It’s no surprise that the Caribbean is a highly sought-after destination for leisure travelers, with its white sandy beaches, eclectic cuisine and cultural attractions spanning thousands of islands. What’s surprising is just how popular the Caribbean is becoming.
Arrivals to the Caribbean grew faster than the global growth rate in 2015, and travel to the region grew in record-breaking fashion, with a seven percent increase in international trips for a total of 28.7 million visitors last year. 2015 was also the first year in recent history that the Caribbean outpaced all other major global regions in growth according to the Caribbean Tourism Organization (CTO); the World Travel and Tourism Council (WTTC) also reported that money spent by foreign visitors to the region grew by 5.9%, well above the global average of 2.4%.
Several factors resulted in the record breaking numbers. Collapsing global oil prices, an increase in flights to many Caribbean destinations, economic recovery in main markets, and the strengthening U.S. dollar allowed more Americans to enjoy Caribbean luxury. And new Resonance research on the wealthiest American travelers - the top 1% and 5% - also shows that the Caribbean is now one of their most preferred destinations.
For the Resonance 2016 U.S. Luxury Travel Report we interviewed 1,667 U.S. travelers in the top one and five percent (household income of at least $200k or net worth of $2 million+). We found that 50 percent of the top one percent and 47 percent of the top five percent plan to travel to the Caribbean in the coming 12-24 months, compared to just 33 percent of all U.S. travelers.
One of the reasons we think the Caribbean is so popular with the affluent is that it seems to mostly satisfy their three most important criteria when choosing a vacation destination: safety, favorable climate and easy access by commercial flights.
NEW LUXURY DEVELOPMENTS
The growth is sparking a spate of new hotel development, particularly in the luxury segment, with destinations eager to attract this lucrative clientele.
In the Dominican Republic, Amanera, Aman Resorts’ newest property, is a series of contemporary casitas perched on a cliff overlooking the beautiful Playa Grande Beach on the Dominican’s unspoiled north coast. Opened in November 2015, and listed at an estimated $1,300 per night, Amanera brings “a whole new level of luxury to the Caribbean,” according to the Wall Street Journal.
Elsewhere, all-inclusives continue to evolve. The Warwick is opening a 4-star adults-only all-inclusive on Paradise Island Bahamas, in October 2016. And in Puerto Rico – where both Zika and debt are concerns – luxury hotel development is a bright spot. The island welcomes its first all-inclusive resort in 2016 in the form of Dreams Puerto Rico Resort & Spa in Guánica, Porta Del Sol. The 250-room resort built by Apple Leisure Group subsidiary AMResorts hopes to spark future all-inclusive properties to the region.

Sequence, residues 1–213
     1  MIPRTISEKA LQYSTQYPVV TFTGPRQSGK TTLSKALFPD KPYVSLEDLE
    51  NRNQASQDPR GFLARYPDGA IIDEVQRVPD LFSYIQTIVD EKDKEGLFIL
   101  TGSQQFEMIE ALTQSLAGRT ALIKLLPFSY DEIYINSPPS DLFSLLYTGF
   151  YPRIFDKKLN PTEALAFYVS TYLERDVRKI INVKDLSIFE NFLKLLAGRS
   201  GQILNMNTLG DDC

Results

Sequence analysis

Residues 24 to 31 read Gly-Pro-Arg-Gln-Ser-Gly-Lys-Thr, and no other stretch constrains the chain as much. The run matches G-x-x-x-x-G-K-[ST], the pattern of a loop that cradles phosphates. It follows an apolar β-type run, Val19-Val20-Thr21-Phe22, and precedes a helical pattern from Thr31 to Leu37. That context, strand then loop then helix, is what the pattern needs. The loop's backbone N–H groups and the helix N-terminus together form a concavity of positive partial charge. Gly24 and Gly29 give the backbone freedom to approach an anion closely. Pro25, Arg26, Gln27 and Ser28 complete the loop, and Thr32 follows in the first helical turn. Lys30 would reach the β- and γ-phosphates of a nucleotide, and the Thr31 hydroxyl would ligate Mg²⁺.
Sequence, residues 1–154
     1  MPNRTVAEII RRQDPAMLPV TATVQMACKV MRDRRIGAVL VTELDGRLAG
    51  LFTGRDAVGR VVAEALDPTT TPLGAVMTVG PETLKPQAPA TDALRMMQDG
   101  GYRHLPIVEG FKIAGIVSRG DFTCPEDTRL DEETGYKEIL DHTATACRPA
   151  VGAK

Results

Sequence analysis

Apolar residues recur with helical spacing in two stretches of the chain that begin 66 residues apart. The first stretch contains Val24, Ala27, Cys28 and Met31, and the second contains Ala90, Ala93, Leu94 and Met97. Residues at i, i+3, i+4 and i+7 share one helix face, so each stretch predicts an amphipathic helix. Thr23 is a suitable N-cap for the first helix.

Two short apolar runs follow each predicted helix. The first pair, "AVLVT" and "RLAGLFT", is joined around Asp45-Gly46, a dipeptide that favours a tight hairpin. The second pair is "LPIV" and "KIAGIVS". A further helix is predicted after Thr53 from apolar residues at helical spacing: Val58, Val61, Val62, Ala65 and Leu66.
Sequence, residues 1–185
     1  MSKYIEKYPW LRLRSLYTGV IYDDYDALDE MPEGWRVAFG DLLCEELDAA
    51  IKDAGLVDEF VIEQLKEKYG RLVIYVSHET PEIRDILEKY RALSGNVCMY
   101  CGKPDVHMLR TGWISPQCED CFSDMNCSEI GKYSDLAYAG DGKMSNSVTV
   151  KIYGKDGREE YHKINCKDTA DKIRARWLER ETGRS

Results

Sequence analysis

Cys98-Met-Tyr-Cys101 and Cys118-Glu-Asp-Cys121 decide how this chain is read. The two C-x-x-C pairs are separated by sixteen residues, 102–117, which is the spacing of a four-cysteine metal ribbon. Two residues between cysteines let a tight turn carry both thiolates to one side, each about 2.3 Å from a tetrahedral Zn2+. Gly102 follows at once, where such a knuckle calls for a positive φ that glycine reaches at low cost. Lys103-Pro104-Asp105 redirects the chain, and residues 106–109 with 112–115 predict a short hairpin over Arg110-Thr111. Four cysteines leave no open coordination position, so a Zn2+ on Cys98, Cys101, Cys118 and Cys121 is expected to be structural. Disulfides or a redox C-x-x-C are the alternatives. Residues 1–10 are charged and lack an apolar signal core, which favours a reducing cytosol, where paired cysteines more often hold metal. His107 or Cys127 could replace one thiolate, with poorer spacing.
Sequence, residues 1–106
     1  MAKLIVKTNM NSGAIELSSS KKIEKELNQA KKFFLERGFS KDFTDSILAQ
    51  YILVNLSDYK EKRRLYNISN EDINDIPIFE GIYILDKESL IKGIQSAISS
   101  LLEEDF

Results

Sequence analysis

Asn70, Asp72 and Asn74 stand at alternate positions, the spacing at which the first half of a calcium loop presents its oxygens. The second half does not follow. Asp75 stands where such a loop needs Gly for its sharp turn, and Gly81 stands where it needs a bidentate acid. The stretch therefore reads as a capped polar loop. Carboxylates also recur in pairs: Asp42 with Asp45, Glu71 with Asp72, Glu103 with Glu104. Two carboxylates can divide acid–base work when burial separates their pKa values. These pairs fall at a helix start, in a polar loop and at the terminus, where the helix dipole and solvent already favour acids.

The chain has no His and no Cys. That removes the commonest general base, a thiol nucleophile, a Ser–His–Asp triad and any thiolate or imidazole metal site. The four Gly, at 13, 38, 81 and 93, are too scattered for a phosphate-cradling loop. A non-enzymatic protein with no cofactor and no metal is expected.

“We’re excited to enter a destination that has yet to discover the substantial benefits of the all-inclusive model,” Alex Zozaya, CEO of Apple Leisure Group, told Caribbean Journal.
The Ritz-Carlton opened its second property on Puerto Rico in 2015. Located on eight acres of pristine beachfront property in Isla Verde, Ritz-Carlton San Juan puts guests moments from both the airport and the quaint cobblestone streets of Old San Juan.
It’s not only large Caribbean islands that are attracting the wealthy. Tiny Anguilla - 15,000 strong - has its own luxury developments to boast about. Longstanding Viceroy Anguilla has been recently joined by CéBlue Villas and Beach Resort, Malliouhana Resort, and the Zemi Beach House, which opened in February 2016. Anguilla manages to provide exclusivity, beautiful new hotels, and a barefoot-casual atmosphere – an ideal combination in a country that relies so heavily on tourism, ranking seventh globally for Travel and Tourism’s total contribution to GDP.
Of course, the Caribbean has seen waves of hotel building booms and bust in the past. But with interest in visiting the region rising around the world, the relative safety of the region in comparison to other global sun destinations, and a significant portion of the world’s wealthiest travelers planning to visit the area, the sun appears likely to shine on the region’s tourism industry for years to come.
To learn more about destinations the wealthy are visiting in 2016, the brands favored by the top one percent, the activities and experiences that resonate with them and the distinct types of luxury travelers we’ve identified, you can purchase Resonance's 2016 U.S. Luxury Travel Report here.